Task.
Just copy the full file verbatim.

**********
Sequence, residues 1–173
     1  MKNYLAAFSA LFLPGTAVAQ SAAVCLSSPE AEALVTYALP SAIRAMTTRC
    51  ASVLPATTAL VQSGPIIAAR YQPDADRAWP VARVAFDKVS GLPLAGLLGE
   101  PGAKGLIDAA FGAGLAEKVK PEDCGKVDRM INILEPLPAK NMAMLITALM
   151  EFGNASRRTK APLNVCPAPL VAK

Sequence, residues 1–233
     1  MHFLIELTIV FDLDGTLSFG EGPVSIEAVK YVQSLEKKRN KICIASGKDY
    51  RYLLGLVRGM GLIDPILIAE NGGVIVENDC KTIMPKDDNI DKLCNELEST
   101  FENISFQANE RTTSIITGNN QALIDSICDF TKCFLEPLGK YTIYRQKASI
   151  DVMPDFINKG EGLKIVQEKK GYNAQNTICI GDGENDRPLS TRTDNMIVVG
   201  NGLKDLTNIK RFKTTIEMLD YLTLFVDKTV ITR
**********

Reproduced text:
Sequence, residues 1–173
     1  MKNYLAAFSA LFLPGTAVAQ SAAVCLSSPE AEALVTYALP SAIRAMTTRC
    51  ASVLPATTAL VQSGPIIAAR YQPDADRAWP VARVAFDKVS GLPLAGLLGE
   101  PGAKGLIDAA FGAGLAEKVK PEDCGKVDRM INILEPLPAK NMAMLITALM
   151  EFGNASRRTK APLNVCPAPL VAK

Sequence, residues 1–233
     1  MHFLIELTIV FDLDGTLSFG EGPVSIEAVK YVQSLEKKRN KICIASGKDY
    51  RYLLGLVRGM GLIDPILIAE NGGVIVENDC KTIMPKDDNI DKLCNELEST
   101  FENISFQANE RTTSIITGNN QALIDSICDF TKCFLEPLGK YTIYRQKASI
   151  DVMPDFINKG EGLKIVQEKK GYNAQNTICI GDGENDRPLS TRTDNMIVVG
   201  NGLKDLTNIK RFKTTIEMLD YLTLFVDKTV ITR